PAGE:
Thursday, March 11, 2010

Kell's Legend

Andy Remic successfully blends steampunk and high fantasy in Kell's Legend(Book 1 of The Clockwork Vampire Trilogy). Upon first entering the world the sense is much like that of any other fantasy novel. It is only as the novel evolves that the reader learns the true nature of the setting. This adds something of a mystery esthetic to the novel as well.

Kell, the titular character, is an old bear of a man. At the start of the novel Kell is living in a city basically incognito in order to be near his granddaughter. Suddenly the city is attacked by a merciless army of albinos, aided by creatures straight out of a horror novel. Kell manages to escape with his granddaughter and two other unlikely companions and flees in an attempt to warn the king in time to avert disaster.

As the story unfolds other monsters are unveiled. In fact this leads to one of the novel's weak points. Near the middle of the novel Remic has a tendency to put the characters in mortal danger, only to have them “rescued” by the arrival of some bigger badder monster who is subsequently distracted by the other monster. This tactic has been overused for many years, it may work once, but definitely not twice as is the case in this novel.

Along with Kell we get the viewpoint of Anu, a vachine (vampire machine), who is hiding her “impurity” in order to maintain her status in society (and her life). It is through Anu that we learn most about the vachine. These are a hybrid of human with clockwork machinery, and require “blood-oil” a magical distillation of human blood in order to keep their clockwork ticking. The vachine also have a strict religious society based heavily on fear and power.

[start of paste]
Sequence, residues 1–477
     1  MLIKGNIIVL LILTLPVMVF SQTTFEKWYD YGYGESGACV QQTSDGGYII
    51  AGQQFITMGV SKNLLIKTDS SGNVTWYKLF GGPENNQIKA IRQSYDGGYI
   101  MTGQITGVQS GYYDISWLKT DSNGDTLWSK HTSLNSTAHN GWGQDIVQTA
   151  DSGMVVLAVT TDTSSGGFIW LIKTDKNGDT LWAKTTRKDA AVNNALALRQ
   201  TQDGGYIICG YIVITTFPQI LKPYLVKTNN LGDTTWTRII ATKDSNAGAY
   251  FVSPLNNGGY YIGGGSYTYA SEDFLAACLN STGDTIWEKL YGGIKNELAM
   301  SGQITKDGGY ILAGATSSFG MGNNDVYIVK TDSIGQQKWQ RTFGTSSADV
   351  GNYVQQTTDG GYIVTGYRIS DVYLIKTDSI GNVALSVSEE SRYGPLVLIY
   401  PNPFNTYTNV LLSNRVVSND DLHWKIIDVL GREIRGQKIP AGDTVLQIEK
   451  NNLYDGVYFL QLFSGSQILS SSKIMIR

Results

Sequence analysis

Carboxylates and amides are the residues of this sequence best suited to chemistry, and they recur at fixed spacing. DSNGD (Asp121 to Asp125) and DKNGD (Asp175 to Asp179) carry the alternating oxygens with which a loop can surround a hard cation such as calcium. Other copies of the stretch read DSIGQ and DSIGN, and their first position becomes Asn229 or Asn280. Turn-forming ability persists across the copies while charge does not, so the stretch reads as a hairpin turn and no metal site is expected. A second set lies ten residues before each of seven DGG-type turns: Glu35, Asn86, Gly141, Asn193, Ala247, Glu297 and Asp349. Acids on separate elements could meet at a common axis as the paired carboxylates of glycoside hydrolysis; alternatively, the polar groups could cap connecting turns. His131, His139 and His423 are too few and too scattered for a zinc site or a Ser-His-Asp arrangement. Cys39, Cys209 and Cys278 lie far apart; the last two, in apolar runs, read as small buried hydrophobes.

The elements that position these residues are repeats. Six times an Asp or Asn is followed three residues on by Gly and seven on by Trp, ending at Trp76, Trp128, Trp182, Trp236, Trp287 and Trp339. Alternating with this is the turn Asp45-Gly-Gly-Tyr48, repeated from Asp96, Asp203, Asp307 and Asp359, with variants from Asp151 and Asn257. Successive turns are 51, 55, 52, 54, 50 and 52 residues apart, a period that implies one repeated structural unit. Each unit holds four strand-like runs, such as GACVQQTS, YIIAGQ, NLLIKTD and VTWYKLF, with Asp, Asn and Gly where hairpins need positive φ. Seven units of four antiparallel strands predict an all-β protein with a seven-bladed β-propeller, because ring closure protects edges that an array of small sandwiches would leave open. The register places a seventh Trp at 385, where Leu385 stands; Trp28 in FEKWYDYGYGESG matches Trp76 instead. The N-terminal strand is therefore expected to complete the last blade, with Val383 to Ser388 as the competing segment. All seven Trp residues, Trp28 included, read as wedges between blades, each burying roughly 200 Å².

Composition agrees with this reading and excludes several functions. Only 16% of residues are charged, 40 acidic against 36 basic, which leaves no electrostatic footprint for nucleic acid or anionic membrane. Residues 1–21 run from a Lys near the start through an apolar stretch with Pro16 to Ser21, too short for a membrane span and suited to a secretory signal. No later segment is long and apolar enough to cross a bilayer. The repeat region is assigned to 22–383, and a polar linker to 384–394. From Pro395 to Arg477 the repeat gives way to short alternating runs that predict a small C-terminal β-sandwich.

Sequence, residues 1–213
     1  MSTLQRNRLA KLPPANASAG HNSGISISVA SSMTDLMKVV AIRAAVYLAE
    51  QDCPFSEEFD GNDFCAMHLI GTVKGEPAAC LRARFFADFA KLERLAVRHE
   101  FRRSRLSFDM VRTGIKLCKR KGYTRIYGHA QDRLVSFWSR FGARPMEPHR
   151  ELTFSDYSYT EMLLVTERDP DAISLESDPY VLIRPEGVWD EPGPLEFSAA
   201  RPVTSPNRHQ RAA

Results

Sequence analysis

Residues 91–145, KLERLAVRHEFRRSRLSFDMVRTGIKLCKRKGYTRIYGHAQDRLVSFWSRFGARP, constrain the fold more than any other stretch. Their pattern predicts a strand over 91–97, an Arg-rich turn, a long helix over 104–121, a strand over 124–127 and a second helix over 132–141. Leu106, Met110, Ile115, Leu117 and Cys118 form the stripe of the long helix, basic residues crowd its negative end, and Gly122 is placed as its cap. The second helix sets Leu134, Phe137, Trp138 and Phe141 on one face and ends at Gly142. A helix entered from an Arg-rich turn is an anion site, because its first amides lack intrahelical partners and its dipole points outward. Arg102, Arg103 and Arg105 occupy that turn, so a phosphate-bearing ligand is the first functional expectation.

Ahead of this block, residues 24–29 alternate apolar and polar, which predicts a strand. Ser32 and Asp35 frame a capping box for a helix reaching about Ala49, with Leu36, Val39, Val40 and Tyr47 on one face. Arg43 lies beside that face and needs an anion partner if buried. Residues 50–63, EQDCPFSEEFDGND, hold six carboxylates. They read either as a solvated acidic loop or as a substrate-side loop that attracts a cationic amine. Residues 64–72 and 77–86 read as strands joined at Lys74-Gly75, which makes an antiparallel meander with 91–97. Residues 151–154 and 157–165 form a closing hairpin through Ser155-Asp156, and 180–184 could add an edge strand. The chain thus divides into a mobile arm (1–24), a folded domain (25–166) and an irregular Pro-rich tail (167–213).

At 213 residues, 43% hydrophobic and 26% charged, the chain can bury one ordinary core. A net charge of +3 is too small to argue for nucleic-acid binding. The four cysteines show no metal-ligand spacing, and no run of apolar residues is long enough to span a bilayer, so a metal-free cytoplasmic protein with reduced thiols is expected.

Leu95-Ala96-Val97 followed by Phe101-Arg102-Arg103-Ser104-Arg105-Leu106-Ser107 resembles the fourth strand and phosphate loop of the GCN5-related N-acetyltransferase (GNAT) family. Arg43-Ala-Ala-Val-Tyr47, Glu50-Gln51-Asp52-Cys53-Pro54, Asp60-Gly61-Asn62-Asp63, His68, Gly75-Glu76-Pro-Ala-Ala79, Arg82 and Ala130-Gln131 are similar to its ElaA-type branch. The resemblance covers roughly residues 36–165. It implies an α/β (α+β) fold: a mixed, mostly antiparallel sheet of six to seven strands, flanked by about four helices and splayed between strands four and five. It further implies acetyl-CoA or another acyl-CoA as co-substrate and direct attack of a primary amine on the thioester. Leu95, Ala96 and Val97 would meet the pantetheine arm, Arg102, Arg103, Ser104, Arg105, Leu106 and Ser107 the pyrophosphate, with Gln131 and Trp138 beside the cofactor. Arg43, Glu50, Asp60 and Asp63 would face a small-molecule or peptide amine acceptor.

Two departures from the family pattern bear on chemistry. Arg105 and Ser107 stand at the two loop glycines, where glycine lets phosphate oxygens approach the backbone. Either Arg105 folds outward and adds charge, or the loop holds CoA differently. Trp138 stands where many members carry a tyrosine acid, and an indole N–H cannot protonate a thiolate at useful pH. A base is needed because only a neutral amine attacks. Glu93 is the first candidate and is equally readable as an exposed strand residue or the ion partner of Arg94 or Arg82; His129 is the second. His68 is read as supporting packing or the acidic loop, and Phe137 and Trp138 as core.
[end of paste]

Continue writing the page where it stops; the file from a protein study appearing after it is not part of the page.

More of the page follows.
As the story develops we learn much more about Kell’s past, and his “bloodbonded” weapon Ilanna. At the same time we are learning about the real reasons behind the invasion, and the political intrigue and machinations both within the vachine society and in Kell’s land. Further history and magic within the world are hinted at as the story develops rapidly.

Despite the fact that on the surface this is a hero adventure story not much different from the early days of Dragonlance and Forgotten Realms, Kell’s Legend manages to be relevant and enjoyable today. The Kell storyline is very high fantasy, it is the larger picture of the world that is important here. The idea of the vachine are a brilliant reimagining of both steampunk ideas and vampires. With these creatures set in a world that Remic obviously has so much as yet unrevealed history for there is nowhere to go but up.

Kell’s Legend is a fast paced read. There are multiple points of view and unlike some cases, each time you return to each POV you are happy to be coming back. There are no “filler” POV’s, each is relevant and brings important information to the table. Even though I had an issue with Remic’s use of salvation by introducing a new big baddie I very much enjoyed this novel. I give it a 4/5.

Kell's Legend is published by Angry Robot Books and is currently available in the UK and Australia. It will be available in the US and Canada in May 2010.

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